While Netherland’s Brightsight is not a widely known name, it has been around for years in the security certification and testing space and we first came across the business in 2010 as ARM was starting to find its way into the security space, leveraging Trustzone and have covered its involvement in what was initially called SEPIA (Secure Embedded Platform with Process Isolation and Anonymity) in partnership with ARM, Infineon, Giesecke & Devrient and Austria’s Graz University of Technology back in 2010/2012.
Today it claims to carry out more security evaluations than any other company in the world, more than 3 x than its closest rival, and at Embedded World 2020 a few weeks ago, it announced it is the first security firm to certify for SESIP (Secure Evaluation Scheme for IoT Platforms) making the framework a genuine bidder to provide multi-layered security offerings across the IoT.
As of now this grouping gets its credibility from one of the chip leaders in IoT, NXP, built around the old Philips and Motorola Semiconductor businesses, as a sponsor of the SESIP framework. Essentially Brightsight is the first lab licensed by owner TrustCB to perform SESIP evaluations, though others will follow.
We talked to Carlos Serratos, Director Business Development at Brightsight this week, and he talked us through that and the company’s continuing involvement with ARM through its Platform Security Architecture aimed at pushing the ARM architecture into the IoT.
The first thing Serratos assured us was that SESIP would be backed by 3 to 5 of the top semiconductor houses as and when they were certified for it, and he though in short order later this year. It is a framework for defining the security level required for differing use cases in IoT, that came out of two things – a standard for government procurement, and optimized around the Common Criteria (CC), the methodology by which smart cards were macde secure for financial apps.
CC is an internationally recognized methodology for IT security evaluation. SESIP uses composite security evaluations to certify individual hardware and software components separately.
Serratos told us it was built around use cases, “Use cases tend to be bottom up, but security has to be defined top down,” he said with the most stringent security requirement set first, and then some elements of it is relaxed as the use cases require less security. “There is no such thing as a ‘risk free’ framework, but you can reduce risk. Think of this like insurance – if you can demonstrate and show real evidence that you have built your systems adhering to a secure framework, you can get cheaper insurance.”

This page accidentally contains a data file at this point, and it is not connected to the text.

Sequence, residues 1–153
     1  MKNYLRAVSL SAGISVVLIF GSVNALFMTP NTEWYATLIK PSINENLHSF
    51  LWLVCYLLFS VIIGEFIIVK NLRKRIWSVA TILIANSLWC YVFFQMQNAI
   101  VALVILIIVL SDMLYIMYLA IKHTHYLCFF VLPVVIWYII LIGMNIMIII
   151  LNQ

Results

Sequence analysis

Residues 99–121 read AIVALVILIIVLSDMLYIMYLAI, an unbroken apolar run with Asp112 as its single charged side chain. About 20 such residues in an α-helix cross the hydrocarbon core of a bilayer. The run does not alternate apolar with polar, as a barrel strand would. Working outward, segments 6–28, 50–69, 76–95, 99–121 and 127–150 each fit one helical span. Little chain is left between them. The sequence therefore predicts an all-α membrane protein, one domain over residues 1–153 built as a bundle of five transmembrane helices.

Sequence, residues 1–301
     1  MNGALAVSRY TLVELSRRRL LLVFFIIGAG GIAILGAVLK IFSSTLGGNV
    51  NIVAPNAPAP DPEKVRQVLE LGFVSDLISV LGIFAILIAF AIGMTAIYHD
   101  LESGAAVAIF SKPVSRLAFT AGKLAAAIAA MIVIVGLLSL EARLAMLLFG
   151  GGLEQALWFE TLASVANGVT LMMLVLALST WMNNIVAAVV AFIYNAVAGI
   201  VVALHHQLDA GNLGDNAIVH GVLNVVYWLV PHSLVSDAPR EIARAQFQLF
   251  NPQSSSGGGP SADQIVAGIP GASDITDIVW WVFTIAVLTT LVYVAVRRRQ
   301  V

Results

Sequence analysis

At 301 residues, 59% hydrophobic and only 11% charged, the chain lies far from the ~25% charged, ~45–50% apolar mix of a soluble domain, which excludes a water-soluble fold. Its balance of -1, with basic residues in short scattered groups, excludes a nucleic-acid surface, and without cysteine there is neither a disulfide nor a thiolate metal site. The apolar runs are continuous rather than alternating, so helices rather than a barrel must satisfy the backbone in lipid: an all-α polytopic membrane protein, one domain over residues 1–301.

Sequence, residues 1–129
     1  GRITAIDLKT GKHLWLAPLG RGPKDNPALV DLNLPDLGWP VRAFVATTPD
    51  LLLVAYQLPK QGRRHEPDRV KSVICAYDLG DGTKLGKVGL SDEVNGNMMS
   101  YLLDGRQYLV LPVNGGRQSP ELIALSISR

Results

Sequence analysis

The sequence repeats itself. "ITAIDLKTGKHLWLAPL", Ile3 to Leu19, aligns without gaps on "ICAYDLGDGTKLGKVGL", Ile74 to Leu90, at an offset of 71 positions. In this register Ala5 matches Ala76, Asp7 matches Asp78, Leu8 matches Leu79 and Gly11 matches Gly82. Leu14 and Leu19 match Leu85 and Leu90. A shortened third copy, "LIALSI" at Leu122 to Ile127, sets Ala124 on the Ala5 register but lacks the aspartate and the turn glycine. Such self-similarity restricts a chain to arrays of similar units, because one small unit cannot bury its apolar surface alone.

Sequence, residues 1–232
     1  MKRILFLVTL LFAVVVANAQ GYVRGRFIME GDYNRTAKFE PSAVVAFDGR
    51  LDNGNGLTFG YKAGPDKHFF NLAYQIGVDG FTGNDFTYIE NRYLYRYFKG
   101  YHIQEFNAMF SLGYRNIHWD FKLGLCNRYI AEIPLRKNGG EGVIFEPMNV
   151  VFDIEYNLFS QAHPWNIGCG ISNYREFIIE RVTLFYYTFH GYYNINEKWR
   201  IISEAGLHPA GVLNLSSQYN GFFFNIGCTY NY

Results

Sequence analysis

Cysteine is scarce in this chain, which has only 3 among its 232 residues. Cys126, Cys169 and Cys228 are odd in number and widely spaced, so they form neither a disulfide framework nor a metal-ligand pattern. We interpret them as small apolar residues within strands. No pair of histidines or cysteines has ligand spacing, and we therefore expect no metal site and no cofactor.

He then analogized it around the UK governments’ Cyber Essentials, which is a multi-layered set of steps for businesses to prevent most of the simpler cyber-attacks.
If you are talking about a humble sensor out in a field running on a battery reporting infrequent and meaningless readings, security does not have to be at the level of a smart chip on a payment card. But that sensor can still be recruited into a distributed denial of service attack, so you have to carry out sufficient security to prevent that happening. As you move towards the cloud, there are a variety of data aggregation sites, which need better protection, and finally once you are dealing with multiple millions of readings or transactions, your whole business may be reliant on cloud held software which may need full cyber protection. We put it like that to Serratos and he said, “That’s pretty much what we’ve done. First you show us the hardware, and we test it for security, and then as you put each layer of software on it we test the software, layers to check these too are secure. It works in three levels, silicon, system design and software?” said Serratos.
We had another discussion about software updates, and he made the point that it was not automatic in IoT to build in software updates, because some business processes were so cheap at the endpoint, that a new endpoint can just be installed, rather than enabled it with security to protect over the air updates – making it use case driven.
IoT products which are developed using SESIP certification makes it quicker to market at a lower cost is the sales line here.
The scheme is aimed at the certification of individual IoT platform components, providing evidence of the security functionality and its strength against physical, logical and software attacks.
The SESIP platform is owned by TrustCB, and it is supposed to let us extrapolate the rigor of the Common Criteria certification process, and templatize it so that it fits onto other verticals like IoT and automotive. Not identically, but with layers of complexisty and risk. NXP is a market leader in automotive, so this may well be one of the key reasons that NXP is out of the gate first. Brightsight was called in to help develop SESIP, as was local Dutch rival Riscure.
It is tough to say for sure if SESIP will take the honors in the IoT market, coming as it does from security applications in finance where security is pretty much the product, where it is highly valued. IoT has traditionally valued it less and only typically looked at securing aggregated data when it has been made meaningful through aggregation in, or on the way to, the cloud.
Separately Brightsight also reminded us that it is a lead partner of ARM in setting up Platform Security Architecture (PSA) and its certification which seems to come from its earlier work with ARM. This is more about the ARM hardware architecture although it does extend to other hardware platforms such as Risc-V and MIPs, but it very much works at the hardware level. “We want to be very careful that we do not support multiple different security architectures,” said Serratos, “think of ARM as being highly prescriptive at the hardware level and SESIP being more of a dynamic certification. But they are very similar,” he added.